Clearly that brutality haunts Huang, but I don’t see explicit brutality in his stories. The characters are mostly downtrodden, but that’s a very slow-motion brutality. The stories are terribly sad, but they’re full of humanity.

Your final selection of Taiwanese short stories is Angelwings: Contemporary Queer Fiction from Taiwan translated by Fran Martin. This was published in 2003 but the introduction starts in 1999, with the opening of the first dedicated gay and lesbian bookstore. What’s the significance of this book?

This collection bore testimony to the courage and sophistication of queer fiction in Taiwan during the 1990s. Taiwan has for decades been on the forefront of LGBTQ rights in Asia. (Taiwan legalized gay marriage in 2019, the first Asian country to do so.) In Angelwings, Martin collected and translated ten stark stories published from 1989 through 1998.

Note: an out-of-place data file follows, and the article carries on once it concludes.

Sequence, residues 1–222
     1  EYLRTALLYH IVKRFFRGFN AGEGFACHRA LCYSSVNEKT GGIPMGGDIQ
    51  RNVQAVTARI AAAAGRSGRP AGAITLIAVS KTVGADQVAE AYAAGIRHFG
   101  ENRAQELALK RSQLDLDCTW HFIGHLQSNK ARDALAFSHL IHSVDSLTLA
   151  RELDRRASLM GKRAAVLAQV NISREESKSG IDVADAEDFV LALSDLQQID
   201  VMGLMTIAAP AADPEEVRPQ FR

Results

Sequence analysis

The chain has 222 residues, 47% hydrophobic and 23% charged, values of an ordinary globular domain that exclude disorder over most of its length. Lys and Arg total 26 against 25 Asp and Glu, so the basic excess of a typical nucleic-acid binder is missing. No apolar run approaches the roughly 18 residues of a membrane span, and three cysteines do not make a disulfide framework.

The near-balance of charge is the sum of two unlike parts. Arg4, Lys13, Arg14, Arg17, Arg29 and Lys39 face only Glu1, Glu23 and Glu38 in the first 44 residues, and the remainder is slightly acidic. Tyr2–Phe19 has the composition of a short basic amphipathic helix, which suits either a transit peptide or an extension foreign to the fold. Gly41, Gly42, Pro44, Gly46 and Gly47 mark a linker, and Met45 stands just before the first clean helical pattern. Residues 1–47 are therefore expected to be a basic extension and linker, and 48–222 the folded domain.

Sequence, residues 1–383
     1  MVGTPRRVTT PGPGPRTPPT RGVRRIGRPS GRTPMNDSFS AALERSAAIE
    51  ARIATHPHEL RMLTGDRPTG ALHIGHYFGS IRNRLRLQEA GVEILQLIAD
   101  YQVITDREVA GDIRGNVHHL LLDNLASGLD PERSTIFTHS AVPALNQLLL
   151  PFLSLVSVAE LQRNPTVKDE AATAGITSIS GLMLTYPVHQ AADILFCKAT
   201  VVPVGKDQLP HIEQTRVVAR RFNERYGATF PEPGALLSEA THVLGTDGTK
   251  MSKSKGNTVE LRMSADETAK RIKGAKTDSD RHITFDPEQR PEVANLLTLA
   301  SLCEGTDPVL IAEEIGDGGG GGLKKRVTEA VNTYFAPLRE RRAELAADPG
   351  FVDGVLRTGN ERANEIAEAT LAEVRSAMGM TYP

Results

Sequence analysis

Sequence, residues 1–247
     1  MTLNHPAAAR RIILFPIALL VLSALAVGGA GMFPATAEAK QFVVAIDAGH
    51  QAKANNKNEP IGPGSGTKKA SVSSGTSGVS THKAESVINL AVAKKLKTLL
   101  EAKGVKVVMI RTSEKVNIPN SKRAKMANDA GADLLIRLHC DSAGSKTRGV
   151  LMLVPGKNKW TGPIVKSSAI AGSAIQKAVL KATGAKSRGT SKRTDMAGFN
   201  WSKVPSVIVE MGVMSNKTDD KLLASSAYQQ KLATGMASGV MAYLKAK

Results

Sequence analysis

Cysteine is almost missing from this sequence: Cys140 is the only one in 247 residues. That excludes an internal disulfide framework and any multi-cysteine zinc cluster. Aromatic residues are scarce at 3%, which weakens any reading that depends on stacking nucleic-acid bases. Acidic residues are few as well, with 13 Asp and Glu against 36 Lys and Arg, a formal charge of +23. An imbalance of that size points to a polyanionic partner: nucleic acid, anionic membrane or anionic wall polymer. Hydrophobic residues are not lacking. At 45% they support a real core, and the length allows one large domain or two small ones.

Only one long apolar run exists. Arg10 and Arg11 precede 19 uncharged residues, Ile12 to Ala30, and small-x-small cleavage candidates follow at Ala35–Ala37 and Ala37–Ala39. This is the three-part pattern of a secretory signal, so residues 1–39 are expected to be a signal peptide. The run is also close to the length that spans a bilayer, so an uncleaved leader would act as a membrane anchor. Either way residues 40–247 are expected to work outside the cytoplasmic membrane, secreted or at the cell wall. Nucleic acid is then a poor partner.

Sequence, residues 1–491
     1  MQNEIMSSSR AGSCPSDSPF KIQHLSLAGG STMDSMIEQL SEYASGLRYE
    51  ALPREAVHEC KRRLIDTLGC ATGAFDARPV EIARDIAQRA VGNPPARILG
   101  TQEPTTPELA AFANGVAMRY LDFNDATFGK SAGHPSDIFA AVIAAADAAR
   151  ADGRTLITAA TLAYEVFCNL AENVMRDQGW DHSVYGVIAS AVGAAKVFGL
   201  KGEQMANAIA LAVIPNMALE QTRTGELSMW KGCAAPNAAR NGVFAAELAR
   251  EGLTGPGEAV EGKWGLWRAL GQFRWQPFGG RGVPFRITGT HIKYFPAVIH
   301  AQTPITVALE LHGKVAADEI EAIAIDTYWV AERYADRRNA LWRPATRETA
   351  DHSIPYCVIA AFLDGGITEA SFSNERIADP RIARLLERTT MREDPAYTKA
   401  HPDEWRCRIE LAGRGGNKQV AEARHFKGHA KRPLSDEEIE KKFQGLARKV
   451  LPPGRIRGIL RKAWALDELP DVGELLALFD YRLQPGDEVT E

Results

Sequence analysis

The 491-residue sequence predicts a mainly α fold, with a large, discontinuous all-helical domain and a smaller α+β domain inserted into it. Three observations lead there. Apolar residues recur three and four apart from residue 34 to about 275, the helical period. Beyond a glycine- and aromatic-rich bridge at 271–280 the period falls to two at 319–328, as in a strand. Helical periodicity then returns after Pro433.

The stories’ significance also lies in their formal control of stormy psychological conflicts.  Trauma threads through many of these stories. Two of the most powerful stories focus on troubled mother-daughter relationships. In Chen Xue’s “Searching for the Lost Wings of the Angel,” the protagonist struggles with hostile ambivalence after her widowed mother turns to prostitution. Through a lesbian affair, the protagonist learns that she could be worth loving, that she loved her mother, and that she can reunite with herself as her lover encourages her to finish the story we are reading. Then she awakes to realize that her lover was a dream.